This post isn't meant to be a full how-to like most of my others, but more of a working document for installing and working with ZFSonLinux on CentOS 7. As of today, I've been working with ZFSonLinux for a little over a year and it's been rock solid and quite performant. I'm in the process of rebuilding my HomeLab so I decided to make my notes available on my blog.
While ZFSonLinux can run on many different Linux distributions, I will be focusing only on CentOS 7.
Let's Get Started!
1.) updates and install:
Installing ZFSonLinux is quite simple, thanks to rpm packages and an el7 repo.
yum -y update && systemctl reboot # Update and reboot first, to load any upgraded kernel yum -y install epel-release yum localinstall --nogpgcheck http://archive.zfsonlinux.org/epel/zfs-release.el7.noarch.rpm yum -y install kernel-devel zfs systemctl reboot
And that's it! You should now be able to create your first ZFS Pool.
2.) create a zfs pool:
ZFS has a few different RAID levels available, such as raidz (RAID 5 equivilant), raidz2 (RAID 6 equivilant), raidz3 (RAID 7.3 eqivilant), and mirror (RAID 1/10 equivilant).
zpool create -f tank raidz /dev/sdb /dev/sdc /dev/sdd -m /mnt/zfs_tank
All we're doing here is running the
zpool command with the
create value to create a new pool.
-f is for force, which will wipe any partitions and/or data from the disks to prepare them to join the pool.
tank is the name on our new pool, and you can use whatever you want.
raidz designates the raid level you want to use, and other options are
mirror. Next we specify the drives we want to join to the pool (use
fdisk -l or
gdisk -l to find your disks). And finally, we use the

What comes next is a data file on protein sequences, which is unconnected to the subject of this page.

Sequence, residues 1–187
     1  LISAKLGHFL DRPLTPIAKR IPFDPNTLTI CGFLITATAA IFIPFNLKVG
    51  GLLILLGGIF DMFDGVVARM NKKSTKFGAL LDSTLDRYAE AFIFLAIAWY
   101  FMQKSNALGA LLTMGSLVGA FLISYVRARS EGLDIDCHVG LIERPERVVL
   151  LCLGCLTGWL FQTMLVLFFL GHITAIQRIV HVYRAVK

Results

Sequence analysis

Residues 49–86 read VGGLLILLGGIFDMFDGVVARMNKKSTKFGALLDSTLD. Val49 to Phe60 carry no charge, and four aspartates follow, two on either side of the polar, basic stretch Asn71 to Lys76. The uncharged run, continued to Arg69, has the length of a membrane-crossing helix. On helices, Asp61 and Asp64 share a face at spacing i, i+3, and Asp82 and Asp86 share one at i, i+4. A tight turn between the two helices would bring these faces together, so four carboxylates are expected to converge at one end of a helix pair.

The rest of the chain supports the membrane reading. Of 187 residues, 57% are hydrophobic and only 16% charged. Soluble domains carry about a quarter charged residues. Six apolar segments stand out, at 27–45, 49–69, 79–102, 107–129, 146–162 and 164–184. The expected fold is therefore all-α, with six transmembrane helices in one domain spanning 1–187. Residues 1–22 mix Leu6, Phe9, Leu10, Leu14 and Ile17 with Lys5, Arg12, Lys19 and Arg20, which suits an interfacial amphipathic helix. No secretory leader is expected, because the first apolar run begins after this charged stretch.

-m switch to designate where we want to mount this pool at,
/mnt/zfs_tank in the example above.
That's all it takes to create a raidz (RAID 5 equivilant) pool containing 3 drives. Those 3 drives will create a vdev, aka Virtual Device. With ZFS, you cannot expand a vdev, so the proper way to add more disks is to add another vdev to the pool, and expand the pool. To add 3 more disks in a new vdev for this pool, try:
zpool add -f tank raidz /dev/sde /dev/sdf /dev/sdg
Now this pool will contain 6 drives, with 2 3-drive vdevs. To view the pool layout, run:
[root@server ~]# zpool status tank pool: tank state: ONLINE scan: scrub repaired 0 in 0h0m with 0 errors on Sun Feb 19 13:21:54 2016 config: NAME STATE READ WRITE CKSUM tank_data_01 ONLINE 0 0 0 raidz1-0 ONLINE 0 0 0 sdb ONLINE 0 0 0 sdc ONLINE 0 0 0 sdd ONLINE 0 0 0 raidz1-1 ONLINE 0 0 0 sde ONLINE 0 0 0 sdf ONLINE 0 0 0 sdg ONLINE 0 0 0 errors: No known data errors
Let's say we have 6 drives and want to run those in a mirror (RAID 10) setup. We can do this by running:
zpool create -f tank mirror /dev/sdb /dev/sdc mirror /dev/sdd /dev/sde mirror /dev/sdf /dev/sdg -m /mnt/zfs_tank [root@server ~]# zpool status tank pool: tank state: ONLINE scan: scrub repaired 0 in 0h0m with 0 errors on Sun Feb 19 13:21:54 2016 config: NAME STATE READ WRITE CKSUM tank_data_01 ONLINE 0 0 0 mirror-0 ONLINE 0 0 0 sdb ONLINE 0 0 0 sdc ONLINE 0 0 0 mirror-1 ONLINE 0 0 0 sdd ONLINE 0 0 0 sde ONLINE 0 0 0 mirror-2 ONLINE 0 0 0 sdf ONLINE 0 0 0 sdg ONLINE 0 0 0 errors: No known data errors
More to come in the future!